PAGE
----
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Product of the week: olive leaf tea

Categories: Product of the week

A mild-tasting, caffeine-free alternative to green tea

‘Tea’ to the less enlightened among us most often means a mesh bag of black leaves, brewed in boiling water, with milk and or sugar. In Cyprus, they’re much more inventive. “We have a broad definition of tea or what we call ‘mountain tea’,” explains Nadia at Elpiniki. “It might be wild sage, or whatever you can get your hands on. My dad has lots of olive groves and it makes perfect sense to use the leaves to make tea. If you live in a village, or I suppose anywhere for that matter, you want to make sure you use everything that’s available to you. Olive leaf is something they’ve used for a very long time—it’s supposed to have a lot of health-giving qualities, so a lot of people drink it.”

The tea’s appeal doesn’t stop at hot drinks, either. “It’s really versatile. You can use olive leaf tea in the same way you would dried mint in salads,” Nadia continues. “That’s something we’d like to introduce at Elpiniki next summer.” At the moment, true to the ethicality that pervades all that Elpiniki does, it comes in biodegradable pockets served up in colourful mugs to drink at the stall—though you could always bring your own keep-cup, of course. “It’s really interesting. Typically, people ask for a cup of green tea and we tell them, “We don’t do that, but we do have olive leaf tea—we’ve had some converts, that’s for sure,” Nadia smiles. “It has such a pure flavour—it doesn’t have any of that aftertaste of earthiness that some teas can have. It’s crystal clean, really good on the palate.”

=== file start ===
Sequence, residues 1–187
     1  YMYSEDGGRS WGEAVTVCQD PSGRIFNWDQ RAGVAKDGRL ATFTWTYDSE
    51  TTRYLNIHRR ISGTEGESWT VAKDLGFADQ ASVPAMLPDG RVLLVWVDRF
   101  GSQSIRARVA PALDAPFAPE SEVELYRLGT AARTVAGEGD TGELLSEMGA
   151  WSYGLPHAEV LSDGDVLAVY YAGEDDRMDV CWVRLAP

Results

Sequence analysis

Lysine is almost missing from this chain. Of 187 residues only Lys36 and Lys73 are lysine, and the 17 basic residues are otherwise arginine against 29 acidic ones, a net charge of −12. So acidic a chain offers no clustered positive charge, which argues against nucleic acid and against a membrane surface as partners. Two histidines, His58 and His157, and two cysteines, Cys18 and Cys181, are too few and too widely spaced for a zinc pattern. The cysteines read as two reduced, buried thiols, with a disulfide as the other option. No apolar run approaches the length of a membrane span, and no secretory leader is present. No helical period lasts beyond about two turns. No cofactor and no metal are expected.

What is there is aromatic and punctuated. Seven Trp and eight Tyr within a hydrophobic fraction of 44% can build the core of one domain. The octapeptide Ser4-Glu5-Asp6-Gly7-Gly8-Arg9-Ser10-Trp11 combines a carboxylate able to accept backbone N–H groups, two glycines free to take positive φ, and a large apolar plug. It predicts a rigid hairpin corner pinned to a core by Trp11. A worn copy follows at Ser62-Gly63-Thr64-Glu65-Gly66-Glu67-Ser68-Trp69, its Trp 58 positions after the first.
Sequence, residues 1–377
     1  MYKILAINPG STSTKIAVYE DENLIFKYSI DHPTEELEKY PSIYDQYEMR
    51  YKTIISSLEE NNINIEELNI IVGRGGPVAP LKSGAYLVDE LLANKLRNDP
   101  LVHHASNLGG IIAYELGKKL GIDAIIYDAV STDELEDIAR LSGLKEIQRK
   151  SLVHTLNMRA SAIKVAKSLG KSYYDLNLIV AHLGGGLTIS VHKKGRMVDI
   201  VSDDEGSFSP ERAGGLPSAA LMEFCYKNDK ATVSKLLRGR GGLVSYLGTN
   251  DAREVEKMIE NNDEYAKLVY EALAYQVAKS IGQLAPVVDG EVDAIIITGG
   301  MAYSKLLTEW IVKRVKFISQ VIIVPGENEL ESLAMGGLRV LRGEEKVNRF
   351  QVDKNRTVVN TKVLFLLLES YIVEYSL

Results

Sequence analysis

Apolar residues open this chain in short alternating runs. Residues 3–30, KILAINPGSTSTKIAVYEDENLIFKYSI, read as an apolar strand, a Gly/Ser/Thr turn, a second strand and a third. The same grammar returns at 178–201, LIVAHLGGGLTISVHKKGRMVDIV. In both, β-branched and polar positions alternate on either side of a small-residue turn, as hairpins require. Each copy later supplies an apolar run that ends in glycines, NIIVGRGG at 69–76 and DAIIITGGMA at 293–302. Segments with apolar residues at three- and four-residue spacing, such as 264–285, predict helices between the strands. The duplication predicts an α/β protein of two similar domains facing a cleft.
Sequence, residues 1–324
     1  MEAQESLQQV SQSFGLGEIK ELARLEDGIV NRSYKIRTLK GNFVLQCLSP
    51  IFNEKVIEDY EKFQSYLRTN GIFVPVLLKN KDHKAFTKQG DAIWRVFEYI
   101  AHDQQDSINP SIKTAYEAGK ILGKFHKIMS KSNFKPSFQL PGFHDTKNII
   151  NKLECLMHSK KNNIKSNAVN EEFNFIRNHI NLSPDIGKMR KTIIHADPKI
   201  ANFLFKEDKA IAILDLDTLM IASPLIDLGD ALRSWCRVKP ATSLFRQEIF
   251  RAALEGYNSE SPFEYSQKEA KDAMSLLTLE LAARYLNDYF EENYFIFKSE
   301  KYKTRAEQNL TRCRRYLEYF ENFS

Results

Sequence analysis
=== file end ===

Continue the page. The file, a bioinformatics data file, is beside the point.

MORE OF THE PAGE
Tender leaves and buds
The leaves come from fellow Greek trader Oliveology, grown on its organic farm in Sparta, in the Peloponnese region of southern Greece. The tender leaves and buds of the koroneiki olive tree are handpicked and dried naturally, meaning it’s both seasonal and in short supply. “People think that because it’s made from olive leaves and flowers that it tastes like olives, but it does not,” says Iffy on the Oliveology stall. It comes loose and doesn’t need straining. “If you accidentally eat the leaves, it’s fine!” Simply tip half a teaspoon into a cup and top with either boiling or cold water—it makes a beautifully cooling ice tea with a wedge of lemon and a spoon of sweet wildflower honey—then leave to steep for three to 10 minutes, letting the leaves naturally sink to the bottom.

“We say it’s like a mild version of green tea,” says Iffy. “The main thing is that it does not have any caffeine, so you can drink it at any time of day.”